Charles Melville Scammon

Scammon's 1874 illustration of a gray whale. Charles Melville Scammon (1825–1911) was a 19th-century whaleman, naturalist, and author. He was the first to hunt the gray whales of both Laguna Ojo de Liebre and San Ignacio Lagoon, the former also known as "Scammon's Lagoon" after him. In 1874 he wrote the book ''The Marine Mammals of the North-western Coast of North America'', which was a financial failure. It is now considered a classic.

Scammon was born in Pittston, Maine, on May 28, 1825. In 1850 he sailed for California. On April 1, 1852, he left San Francisco in command of the brig ''Mary Helen'' (160 tons) on a combined sealing and whaling voyage. He returned on August 26 with 350 barrels of oil obtained from elephant seals. During the winter of 1855–56 he was among the vessels hunting gray whales in Magdalena Bay, when he was commanding the ship ''Leonore''. In December 1857, commanding the brig ''Boston'', with the schooner-tender ''Marin'', he first hunted the gray whales of Laguna Ojo de Liebre, catching twenty. The following winter (1858–59), commanding the bark ''Ocean Bird'' and accompanied by the schooner tenders ''A.M. Simpson'' and ''Kate'', he returned to the lagoon, catching forty-seven cows. In the winter of 1859–60 he first exploited another lagoon to the south, San Ignacio. Within a few seasons it had been swept clean of whales.

In 1860–61 he returned to Laguna Ojo de Liebre in the bark ''Ocean Bird'', taking a paltry 245 barrels of oil: about seven whales. In the summer of 1862 he sailed to the Sea of Okhotsk in the San Francisco ship ''William C. Nye''. He cruised around Iony Island and Shantar Bay until September, catching only three bowhead whales. In the winter of 1862-63 he hunted gray whales in Magdalena Bay, his last whaling cruise. He spent the following three decades in the Revenue Service, before retiring from disability in 1895.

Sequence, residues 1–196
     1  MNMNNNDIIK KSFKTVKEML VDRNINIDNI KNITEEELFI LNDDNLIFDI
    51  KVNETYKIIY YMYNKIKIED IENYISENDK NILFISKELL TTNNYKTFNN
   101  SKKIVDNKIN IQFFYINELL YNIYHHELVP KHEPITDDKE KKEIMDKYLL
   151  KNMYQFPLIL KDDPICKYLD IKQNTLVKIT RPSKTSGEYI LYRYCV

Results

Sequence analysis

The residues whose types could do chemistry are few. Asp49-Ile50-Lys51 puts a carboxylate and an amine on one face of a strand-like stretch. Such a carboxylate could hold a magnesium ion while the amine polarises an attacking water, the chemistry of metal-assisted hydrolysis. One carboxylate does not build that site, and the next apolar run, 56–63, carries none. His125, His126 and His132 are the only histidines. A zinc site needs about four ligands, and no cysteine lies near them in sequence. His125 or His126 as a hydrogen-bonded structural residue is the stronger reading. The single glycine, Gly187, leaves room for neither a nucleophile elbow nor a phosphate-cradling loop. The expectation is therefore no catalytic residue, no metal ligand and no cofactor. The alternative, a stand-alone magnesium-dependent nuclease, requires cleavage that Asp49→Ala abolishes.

In October 1870, Scammon collected the 27-foot-long type specimen of the Davidson piked whale (''Balaenoptera davidsoni'', Scammon, 1872); it had been found dead on the shores of Admiralty Inlet by Italian fishermen, who towed it to Port Townsend Bay, where they flensed it.

He is the brother of J. Young Scammon and Eliakim P. Scammon.

The village of Scammon Bay, Alaska is named after Scammon, as is a popular salmon dish in the town. Provided by Wikipedia
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